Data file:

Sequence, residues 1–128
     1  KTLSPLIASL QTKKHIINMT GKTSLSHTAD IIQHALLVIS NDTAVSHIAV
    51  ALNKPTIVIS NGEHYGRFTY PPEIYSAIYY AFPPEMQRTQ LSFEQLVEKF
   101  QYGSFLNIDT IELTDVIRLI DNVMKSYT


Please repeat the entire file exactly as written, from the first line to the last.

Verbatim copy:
Sequence, residues 1–128
     1  KTLSPLIASL QTKKHIINMT GKTSLSHTAD IIQHALLVIS NDTAVSHIAV
    51  ALNKPTIVIS NGEHYGRFTY PPEIYSAIYY AFPPEMQRTQ LSFEQLVEKF
   101  QYGSFLNIDT IELTDVIRLI DNVMKSYT